Jenny Linnerud originally posted this issue, regarding the definition and use of the subtypes, particularly Survey Population and  Frame Population.

    Dan and Wim discussed examples and definitions related to the subtypes.

    Gareth then commented he was "really confused".  The conclusion of his post was

    I think Wim might have the key to a solution when he says "Actually, the same data set can be a survey population in one phase of the process and in a later phase of the process become a frame." Following from this, perhaps there is no need to have sub-types of Population at all. Perhaps all the meaning we need could be represented in how Population relates to other objects, or maybe even in understanding what type of processes consume and create Population objects.


    Key Issues

    If GSIM is going to define subtypes of Population then these definitions need to be clear, agreed and applied consistently.  There is a broader question, however, of whether it is necessary and appropriate to have subtyping of Population within GSIM at all.

     

    Key Considerations

    In following up this issue, John Machin and his team held extensive discussions with methodologists across the ABS who work with definition and use of (subtypes of) populations (and units).  The original intent was to provide improved, "methodologist agreed", definitions and examples of the subtypes.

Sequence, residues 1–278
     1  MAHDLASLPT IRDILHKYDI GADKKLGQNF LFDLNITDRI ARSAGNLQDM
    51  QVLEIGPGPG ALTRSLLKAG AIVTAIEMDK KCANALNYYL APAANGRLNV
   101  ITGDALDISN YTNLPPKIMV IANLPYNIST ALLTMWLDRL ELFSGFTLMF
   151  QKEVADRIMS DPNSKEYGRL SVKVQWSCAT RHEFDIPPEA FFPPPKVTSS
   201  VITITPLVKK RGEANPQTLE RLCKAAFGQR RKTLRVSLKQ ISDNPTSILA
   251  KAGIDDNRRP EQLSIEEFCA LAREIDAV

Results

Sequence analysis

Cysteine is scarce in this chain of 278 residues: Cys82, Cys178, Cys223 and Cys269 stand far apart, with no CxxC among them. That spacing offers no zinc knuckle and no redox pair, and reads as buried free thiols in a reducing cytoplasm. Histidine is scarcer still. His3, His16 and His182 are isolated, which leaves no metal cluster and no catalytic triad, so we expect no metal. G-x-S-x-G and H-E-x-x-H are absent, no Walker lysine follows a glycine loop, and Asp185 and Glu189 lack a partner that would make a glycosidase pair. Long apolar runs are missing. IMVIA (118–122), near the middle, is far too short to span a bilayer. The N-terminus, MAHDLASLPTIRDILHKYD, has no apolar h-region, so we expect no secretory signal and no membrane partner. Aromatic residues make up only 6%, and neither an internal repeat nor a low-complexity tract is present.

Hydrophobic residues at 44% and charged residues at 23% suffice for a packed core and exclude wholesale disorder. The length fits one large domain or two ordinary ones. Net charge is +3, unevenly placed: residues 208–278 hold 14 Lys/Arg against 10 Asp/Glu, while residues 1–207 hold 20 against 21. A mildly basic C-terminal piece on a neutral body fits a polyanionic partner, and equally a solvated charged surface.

It became apparent through the investigations that economic and social statistics areas within the ABS subtype populations on different and inconsistent bases.  Around 20 potential subtypes were identified, with some being refinements of broader subtypes.  This raised the question of how to determine what "granularity" of subtyping GSIM should aim to have agreement on.  Seeking firm international agreement on a reference categorisation and definition of Population subtypes would seem to be a major undertaking, one which would be more appropriately led by methodologists rather than metadata modellers.          

    The issue that Gareth raises was also raised by ABS methodologists.  The subtypes relate primarily to the purpose for which a population is being defined/used in a particular case.  Exactly the same population in terms of consistuent units could have a different "subtyped" use/role in different contexts.  There are typically not a set of different attributes that need to be recorded about a population depending on its use/role based subtype.

    While it is necessary to be able to identify the role a particular population is performing in a particular instance, this is an attribute to be recorded in regard to (eg) the role of Process Inputs, or a description of methodology, rather than being intrinsic to the definition of the Population itself.  

     

    Key Options

    Option A: Remove reference to Population subtypes from GSIM V2.0